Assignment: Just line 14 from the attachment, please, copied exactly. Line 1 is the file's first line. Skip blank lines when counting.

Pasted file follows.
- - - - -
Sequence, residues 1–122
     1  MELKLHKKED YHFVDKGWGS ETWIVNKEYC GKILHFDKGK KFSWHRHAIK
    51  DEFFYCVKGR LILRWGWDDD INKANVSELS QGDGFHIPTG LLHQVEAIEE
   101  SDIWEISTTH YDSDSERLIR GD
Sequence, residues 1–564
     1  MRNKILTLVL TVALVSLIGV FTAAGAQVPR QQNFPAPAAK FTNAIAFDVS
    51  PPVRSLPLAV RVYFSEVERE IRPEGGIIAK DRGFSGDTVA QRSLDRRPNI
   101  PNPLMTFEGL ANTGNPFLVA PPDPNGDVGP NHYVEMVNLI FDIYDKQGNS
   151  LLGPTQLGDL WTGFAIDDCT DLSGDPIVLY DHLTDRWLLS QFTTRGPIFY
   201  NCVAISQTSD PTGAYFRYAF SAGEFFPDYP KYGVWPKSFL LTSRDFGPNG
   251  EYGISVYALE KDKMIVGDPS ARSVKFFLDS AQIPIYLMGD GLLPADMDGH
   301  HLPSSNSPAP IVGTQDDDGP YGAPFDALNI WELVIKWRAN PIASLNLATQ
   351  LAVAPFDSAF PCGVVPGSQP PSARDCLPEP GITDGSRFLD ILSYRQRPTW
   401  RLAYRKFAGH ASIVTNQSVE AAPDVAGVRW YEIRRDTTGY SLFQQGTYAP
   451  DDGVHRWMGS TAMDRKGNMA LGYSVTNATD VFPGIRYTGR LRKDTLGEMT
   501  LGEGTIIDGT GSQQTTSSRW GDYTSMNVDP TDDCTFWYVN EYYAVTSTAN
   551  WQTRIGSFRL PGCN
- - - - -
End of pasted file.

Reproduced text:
   401  RLAYRKFAGH ASIVTNQSVE AAPDVAGVRW YEIRRDTTGY SLFQQGTYAP